Why do people take risks? Why do certain people grab our attention? Why do some people desire power, and what are they willing to do to get it? Research in our lab addresses questions like these, examining ways in which fundamental social motives influence a range of cognitive, behavioral, and physiological processes.
Our research integrates social psychological and evolutionary approaches by examining the proximate, goal-driven features of adaptive social cognition. We use a variety of empirical tools, such as eye-tracking, hormone assessment, and implicit measures of cognition. Most of our current research falls into four basic domains: power and status, self-protection, romantic attraction and close relationships, and social affiliation.
Power and Status
Many people desire power and status. Our research is aimed at understanding how motives for power and status interact with situational factors to guide psychological and interpersonal processes. For example, our work has helped identify factors that lead powerful people to abuse their power and to act in corrupt ways. Some of our current work is demonstrating that, whereas people with a desire for dominance often respond to power with self-serving behavior, those with a desire for prestige respond in ways that benefit the group. Other studies in our lab are examining psychological processes that explain the link between power and sexual attraction.
Aversive experiences are an inevitable feature of human existence. People encounter many different types of threat including threats to their physical safety and threats posed by contagious disease. We use a variety of social psychological and evolutionary theories to understand how people respond functionally—and sometimes dysfunctionally—to various forms of threat. Current work is exploring some of the basic cognitive processes involved in protecting ourselves from harm, as well as the implications of self-protective motivation for interpersonal processes such as intergroup prejudice.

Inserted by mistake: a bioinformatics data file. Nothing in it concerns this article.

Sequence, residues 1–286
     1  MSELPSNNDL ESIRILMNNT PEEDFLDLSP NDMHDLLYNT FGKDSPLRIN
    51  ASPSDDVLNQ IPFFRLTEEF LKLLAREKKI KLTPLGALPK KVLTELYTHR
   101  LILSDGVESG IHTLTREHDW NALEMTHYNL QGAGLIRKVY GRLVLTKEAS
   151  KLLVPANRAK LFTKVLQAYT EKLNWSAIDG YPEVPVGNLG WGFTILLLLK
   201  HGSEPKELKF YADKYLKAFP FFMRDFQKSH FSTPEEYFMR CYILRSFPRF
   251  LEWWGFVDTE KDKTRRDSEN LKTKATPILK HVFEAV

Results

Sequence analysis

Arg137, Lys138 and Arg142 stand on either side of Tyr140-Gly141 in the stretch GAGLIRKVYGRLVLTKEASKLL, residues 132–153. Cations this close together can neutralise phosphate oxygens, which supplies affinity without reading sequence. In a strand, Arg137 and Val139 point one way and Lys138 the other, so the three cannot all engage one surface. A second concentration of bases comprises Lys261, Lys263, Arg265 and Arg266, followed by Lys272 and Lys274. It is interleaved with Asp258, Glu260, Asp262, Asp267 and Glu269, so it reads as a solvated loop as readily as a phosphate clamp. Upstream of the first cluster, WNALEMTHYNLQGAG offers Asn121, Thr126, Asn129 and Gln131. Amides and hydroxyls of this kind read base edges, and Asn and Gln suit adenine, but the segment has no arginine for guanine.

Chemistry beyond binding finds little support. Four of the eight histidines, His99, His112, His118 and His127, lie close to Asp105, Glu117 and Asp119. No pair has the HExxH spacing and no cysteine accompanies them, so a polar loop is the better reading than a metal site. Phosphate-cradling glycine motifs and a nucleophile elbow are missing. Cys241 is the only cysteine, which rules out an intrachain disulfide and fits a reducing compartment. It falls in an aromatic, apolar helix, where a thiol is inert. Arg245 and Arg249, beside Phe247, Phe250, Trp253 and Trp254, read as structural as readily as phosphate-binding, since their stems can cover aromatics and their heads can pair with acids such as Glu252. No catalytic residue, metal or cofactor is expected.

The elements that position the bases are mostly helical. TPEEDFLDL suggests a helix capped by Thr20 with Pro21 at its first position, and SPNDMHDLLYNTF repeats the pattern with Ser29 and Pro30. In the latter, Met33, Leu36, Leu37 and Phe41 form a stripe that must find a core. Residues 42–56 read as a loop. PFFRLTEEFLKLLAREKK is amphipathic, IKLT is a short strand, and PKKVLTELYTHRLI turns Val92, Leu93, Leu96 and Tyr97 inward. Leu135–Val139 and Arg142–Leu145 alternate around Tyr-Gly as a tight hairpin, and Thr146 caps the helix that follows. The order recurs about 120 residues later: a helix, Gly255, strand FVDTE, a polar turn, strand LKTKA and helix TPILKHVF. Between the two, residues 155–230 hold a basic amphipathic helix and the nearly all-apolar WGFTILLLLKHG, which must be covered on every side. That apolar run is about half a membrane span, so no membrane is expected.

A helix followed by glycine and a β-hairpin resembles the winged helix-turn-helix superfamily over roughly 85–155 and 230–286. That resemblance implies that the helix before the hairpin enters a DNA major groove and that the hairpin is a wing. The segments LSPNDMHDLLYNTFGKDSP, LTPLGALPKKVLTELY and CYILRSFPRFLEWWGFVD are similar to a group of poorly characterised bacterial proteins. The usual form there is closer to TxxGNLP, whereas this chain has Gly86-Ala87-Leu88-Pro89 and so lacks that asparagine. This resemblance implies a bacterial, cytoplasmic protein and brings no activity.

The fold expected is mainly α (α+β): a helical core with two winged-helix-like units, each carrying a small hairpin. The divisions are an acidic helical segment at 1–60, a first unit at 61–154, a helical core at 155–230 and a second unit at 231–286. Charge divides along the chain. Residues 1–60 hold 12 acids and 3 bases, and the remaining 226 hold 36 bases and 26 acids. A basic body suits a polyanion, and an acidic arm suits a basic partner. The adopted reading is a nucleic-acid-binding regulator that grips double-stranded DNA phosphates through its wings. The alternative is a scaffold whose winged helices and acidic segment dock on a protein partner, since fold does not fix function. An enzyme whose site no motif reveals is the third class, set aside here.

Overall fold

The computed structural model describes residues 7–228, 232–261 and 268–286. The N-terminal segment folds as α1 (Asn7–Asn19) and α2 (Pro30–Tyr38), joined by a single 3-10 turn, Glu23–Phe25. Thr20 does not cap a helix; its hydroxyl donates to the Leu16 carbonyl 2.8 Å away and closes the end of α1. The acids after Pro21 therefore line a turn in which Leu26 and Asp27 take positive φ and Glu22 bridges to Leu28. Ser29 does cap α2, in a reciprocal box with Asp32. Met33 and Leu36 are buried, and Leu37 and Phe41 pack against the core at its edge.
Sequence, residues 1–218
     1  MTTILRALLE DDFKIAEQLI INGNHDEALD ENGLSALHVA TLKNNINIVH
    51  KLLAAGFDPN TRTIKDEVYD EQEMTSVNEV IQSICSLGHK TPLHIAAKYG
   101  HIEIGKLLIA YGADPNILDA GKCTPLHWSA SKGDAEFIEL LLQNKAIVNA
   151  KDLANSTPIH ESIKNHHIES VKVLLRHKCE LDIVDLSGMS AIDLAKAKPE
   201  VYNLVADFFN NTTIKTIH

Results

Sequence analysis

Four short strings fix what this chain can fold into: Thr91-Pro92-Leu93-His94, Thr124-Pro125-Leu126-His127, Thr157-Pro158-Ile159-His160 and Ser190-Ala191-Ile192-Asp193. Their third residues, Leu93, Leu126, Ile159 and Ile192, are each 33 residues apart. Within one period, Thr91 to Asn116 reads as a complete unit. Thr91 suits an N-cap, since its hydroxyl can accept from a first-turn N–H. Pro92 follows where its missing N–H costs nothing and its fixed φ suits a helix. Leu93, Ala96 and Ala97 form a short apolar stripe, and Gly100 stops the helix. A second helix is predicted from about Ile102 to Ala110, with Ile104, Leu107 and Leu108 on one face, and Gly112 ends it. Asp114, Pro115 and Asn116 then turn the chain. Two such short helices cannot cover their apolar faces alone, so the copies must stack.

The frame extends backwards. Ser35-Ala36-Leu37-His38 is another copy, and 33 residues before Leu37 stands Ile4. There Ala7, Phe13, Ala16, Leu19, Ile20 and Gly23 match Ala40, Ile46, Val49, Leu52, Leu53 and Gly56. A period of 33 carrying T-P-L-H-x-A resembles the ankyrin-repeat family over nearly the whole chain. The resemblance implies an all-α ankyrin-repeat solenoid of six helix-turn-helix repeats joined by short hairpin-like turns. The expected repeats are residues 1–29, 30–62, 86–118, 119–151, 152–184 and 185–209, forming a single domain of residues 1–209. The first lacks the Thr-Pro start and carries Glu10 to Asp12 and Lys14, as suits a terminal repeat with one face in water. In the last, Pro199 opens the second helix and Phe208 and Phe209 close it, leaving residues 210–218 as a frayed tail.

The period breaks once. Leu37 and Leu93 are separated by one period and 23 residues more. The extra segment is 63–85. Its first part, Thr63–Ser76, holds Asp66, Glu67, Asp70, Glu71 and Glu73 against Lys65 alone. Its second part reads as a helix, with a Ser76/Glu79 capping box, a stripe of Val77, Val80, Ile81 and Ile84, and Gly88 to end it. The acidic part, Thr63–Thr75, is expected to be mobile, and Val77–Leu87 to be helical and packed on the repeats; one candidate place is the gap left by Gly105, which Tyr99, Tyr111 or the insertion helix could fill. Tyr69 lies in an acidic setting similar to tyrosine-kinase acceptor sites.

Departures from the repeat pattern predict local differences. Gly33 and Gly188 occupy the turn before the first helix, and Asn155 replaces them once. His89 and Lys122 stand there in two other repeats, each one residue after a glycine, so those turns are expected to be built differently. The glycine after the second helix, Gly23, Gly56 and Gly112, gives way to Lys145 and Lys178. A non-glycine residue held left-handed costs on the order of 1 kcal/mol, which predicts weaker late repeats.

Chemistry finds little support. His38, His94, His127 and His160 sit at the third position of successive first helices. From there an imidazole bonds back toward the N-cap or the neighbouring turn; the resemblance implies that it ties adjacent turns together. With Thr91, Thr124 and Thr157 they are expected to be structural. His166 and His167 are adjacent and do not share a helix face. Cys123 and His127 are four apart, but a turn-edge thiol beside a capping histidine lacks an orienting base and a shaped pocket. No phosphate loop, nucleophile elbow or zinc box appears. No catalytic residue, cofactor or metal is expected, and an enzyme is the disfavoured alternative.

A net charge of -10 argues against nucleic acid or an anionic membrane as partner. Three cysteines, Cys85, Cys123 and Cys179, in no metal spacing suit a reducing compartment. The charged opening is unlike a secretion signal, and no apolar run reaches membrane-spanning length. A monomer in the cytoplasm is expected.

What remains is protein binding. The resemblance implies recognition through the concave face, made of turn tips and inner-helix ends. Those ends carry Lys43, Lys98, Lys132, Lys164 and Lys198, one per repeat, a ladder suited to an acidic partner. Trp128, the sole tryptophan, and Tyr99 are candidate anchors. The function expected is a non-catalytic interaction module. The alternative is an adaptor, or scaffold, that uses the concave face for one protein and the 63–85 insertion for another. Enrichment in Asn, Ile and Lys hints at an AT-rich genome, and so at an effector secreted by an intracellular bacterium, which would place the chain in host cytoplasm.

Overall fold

Romantic Attraction and Close Relationships
Reproductive success is the engine that drives evolution, and no challenges are as central to reproduction as those involved in mating. Our work focuses on two sets of questions: 1) What processes help people seek out and procure new romantic and sexual partners; 2) How do people protect their long-term relationships from forms of threat? Our studies have shown, for example, that mating-related motives can influence how we attend to, remember, and implicitly evaluate many of the people around us (e.g., potential relationship partners, romantic rivals, attractive relationship alternatives).
Humans are an ultra-social species. Our work seeks to understand the psychological and hormonal processes that help people maintain an adequate degree of social acceptance. Some of our current work focuses on people’s responses to rejection and social exclusion. We are interested in why some people respond resiliently to rejection (by seeking out sources of compensatory social affiliation) whereas others tend to respond more antisocially to rejection (with aggression or social withdrawal).